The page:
When the gospel is stated in its bare outlines, it is the kind of thing that takes the breath away. It leaves us stupefied. If we hear the preacher declaring the unvarnished truth, we look heavenward in amazement. You can’t be serious. But in the cross, that moment of glorious exchange, an exchange of sin and righteousness, we see that wisdom of God is terrifying in its mere goodness.
“For the love of Christ constraineth us; because we thus judge, that if one died for all, then were all dead: And that he died for all, that they which live should not henceforth live unto themselves, but unto him which died for them, and rose again . . .” (2 Corinthians 5:14–6:2).
SUMMARY OF THE TEXT
We are bound by the love of Christ because of a determination we have made—which is that if one died for all, then all have died (v. 14). And the reason He died for all was so that they could stop living toward themselves, but rather toward the one who died for them and rose again (v. 15). This is why we don’t look at anyone on an earthly level alone anymore—we used to know Christ on that level, but not anymore (v. 16). If someone is in Christ, absolutely everything is transformed, new for old (v. 17) This is all from God, who reconciled us in Christ, and gave us the ministry of reconciliation (v. 18). That is, God was in Christ reconciling the world to Himself, refusing to impute their trespasses to them, and giving us the charge to tell them that this is now the case (v. 19). So we are ambassadors, as though God Himself were speaking through us—be reconciled to God (v. 20). For God made the sinless one to be sin for us, so that He could make us, the sinful ones, to be the righteousness of God in Him (v. 21). So then, this is the basis of the gospel appeal. As co-workers of God, we plead with sinners not to receive the grace of God in vain (6:1). Paul then states the invitation, using the words of the LXX, quoting Is. 49:9. God says that He has heard us in the time accepted, and has comforted us in the day of salvation—and that day of salvation is now (v. 2).
THROUGH NEW EYES
If we know the gospel, then we have to look at the world differently. Paul absolutely refused to look at anyone in the old way anymore, and this was because he could not look at Christ in the old way anymore— now that Christ had risen. C.S. Lewis put his finger on the direct implication of this:
“It is a serious thing to live in a society of possible gods and goddesses, to remember that the dullest and most uninteresting person you talk to may one day be a creature which, if you saw it now, you would be strongly tempted to worship, or else a horror and a corruption such as you now meet, if at all, only in a nightmare. All day long we are, in some degree, help each other to one or other of these destinations” (The Weight of Glory).
When you are dealing with someone who is being tedious, meditate on the glory that is coming for them, and which will swallow them up. And remember, such an exercise is the very best way for you to mortify the ways in which you are being tedious.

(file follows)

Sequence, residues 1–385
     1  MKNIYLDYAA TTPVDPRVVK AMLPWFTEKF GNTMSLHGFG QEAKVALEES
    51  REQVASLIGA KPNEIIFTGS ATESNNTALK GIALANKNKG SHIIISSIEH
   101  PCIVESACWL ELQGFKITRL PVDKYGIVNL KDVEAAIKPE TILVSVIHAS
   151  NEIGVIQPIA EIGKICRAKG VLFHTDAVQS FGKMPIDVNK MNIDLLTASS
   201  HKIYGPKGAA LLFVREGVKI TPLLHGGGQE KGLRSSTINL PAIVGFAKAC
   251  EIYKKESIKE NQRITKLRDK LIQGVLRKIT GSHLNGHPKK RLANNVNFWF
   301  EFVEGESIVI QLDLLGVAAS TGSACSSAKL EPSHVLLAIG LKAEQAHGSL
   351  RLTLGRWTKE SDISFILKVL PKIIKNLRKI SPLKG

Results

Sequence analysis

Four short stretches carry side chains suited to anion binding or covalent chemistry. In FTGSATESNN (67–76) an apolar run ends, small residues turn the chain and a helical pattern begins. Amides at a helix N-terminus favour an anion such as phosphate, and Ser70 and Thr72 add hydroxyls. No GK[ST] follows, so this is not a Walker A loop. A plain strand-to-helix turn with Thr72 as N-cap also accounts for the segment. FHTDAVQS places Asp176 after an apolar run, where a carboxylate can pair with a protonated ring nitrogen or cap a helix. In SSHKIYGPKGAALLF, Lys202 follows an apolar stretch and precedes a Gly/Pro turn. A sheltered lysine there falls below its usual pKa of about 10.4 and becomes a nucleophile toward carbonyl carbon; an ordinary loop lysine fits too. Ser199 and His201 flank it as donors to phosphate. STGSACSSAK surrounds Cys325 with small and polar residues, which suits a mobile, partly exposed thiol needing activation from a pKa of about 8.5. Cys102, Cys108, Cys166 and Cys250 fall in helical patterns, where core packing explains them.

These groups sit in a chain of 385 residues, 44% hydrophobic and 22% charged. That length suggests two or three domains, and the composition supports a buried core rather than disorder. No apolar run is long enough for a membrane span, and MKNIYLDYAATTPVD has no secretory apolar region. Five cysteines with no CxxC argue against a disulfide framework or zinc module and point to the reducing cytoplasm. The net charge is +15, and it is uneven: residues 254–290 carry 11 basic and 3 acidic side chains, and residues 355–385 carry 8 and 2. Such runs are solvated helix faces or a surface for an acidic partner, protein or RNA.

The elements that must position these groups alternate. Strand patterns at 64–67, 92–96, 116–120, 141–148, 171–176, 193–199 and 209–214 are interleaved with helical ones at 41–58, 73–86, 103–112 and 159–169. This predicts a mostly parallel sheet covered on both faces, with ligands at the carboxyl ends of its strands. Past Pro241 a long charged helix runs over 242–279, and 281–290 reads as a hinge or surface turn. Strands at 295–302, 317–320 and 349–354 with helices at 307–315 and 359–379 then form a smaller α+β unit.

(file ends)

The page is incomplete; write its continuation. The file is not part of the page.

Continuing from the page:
THE GROUND OF APPEAL
Note that God objectively reconciled the world to Himself through Christ. The thing is done. We are therefore not pleading with the world to reconcile themselves to God. The plea is that the world has been reconciled, and so therefore be reconciled. To be stiff-necked and rebellious is to be the recipients of grace in vain (6:1). The vanity is on our end, not the Lord’s—His purposes always come to pass. But it is a heartbreak when residents of a saved world insist on their own damnation.
How does God do this? How is this tremendous thing accomplished. Look first at v. 14. One died for all, and therefore all were dead. To grasp this, we have to comprehend the true nature of Christ’s substitutionary death. There are two kinds of substitution. One you see in a basketball game, where one player goes in for another, and that second player goes to the bench. That is one kind of substitution, and it is not the kind of substitution that Christ provides for us.
The second kind of substitution is covenantal or representative substitution. This happens when we elect a congressman, for example, and he goes to Washington to represent our interests. When he votes, we voted. When he is caught up in scandal, we are humiliated. When he does right, we are gratified.
Christ died for all as the representative head of the new human race. Just as when Adam sinned, we sinned (because Adam was our federal representative), so also when Christ died, we died. When He was buried, we were buried. When He rose, we rose. When He ascended, we ascended. Because of this, all our sins were imputed to Him. Because of this, all His righteousness was imputed to us.
So Christ was never a sinner (1 Pet. 2:22; Heb. 4:15; 7:26; 1 Jn. 3:5; cf. Rom. 5:19; 8:3; John 8:46), but He would knew no sin was made sin (through God’s imputation of our sin to Him). And because of the death that was reckoned there, it became possible for life to reckoned in the other direction (v. 15)—for righteousness to be imputed to us (v. 21).
BUT DO NOT MISS THE INVITATION
So then, when should we act upon this truth? The answer is plain. We should act on it as soon as we hear about it. Look at the calendar. Is it today? Now is the moment. Now is the day of salvation. Look to Christ, and Christ will look toward you.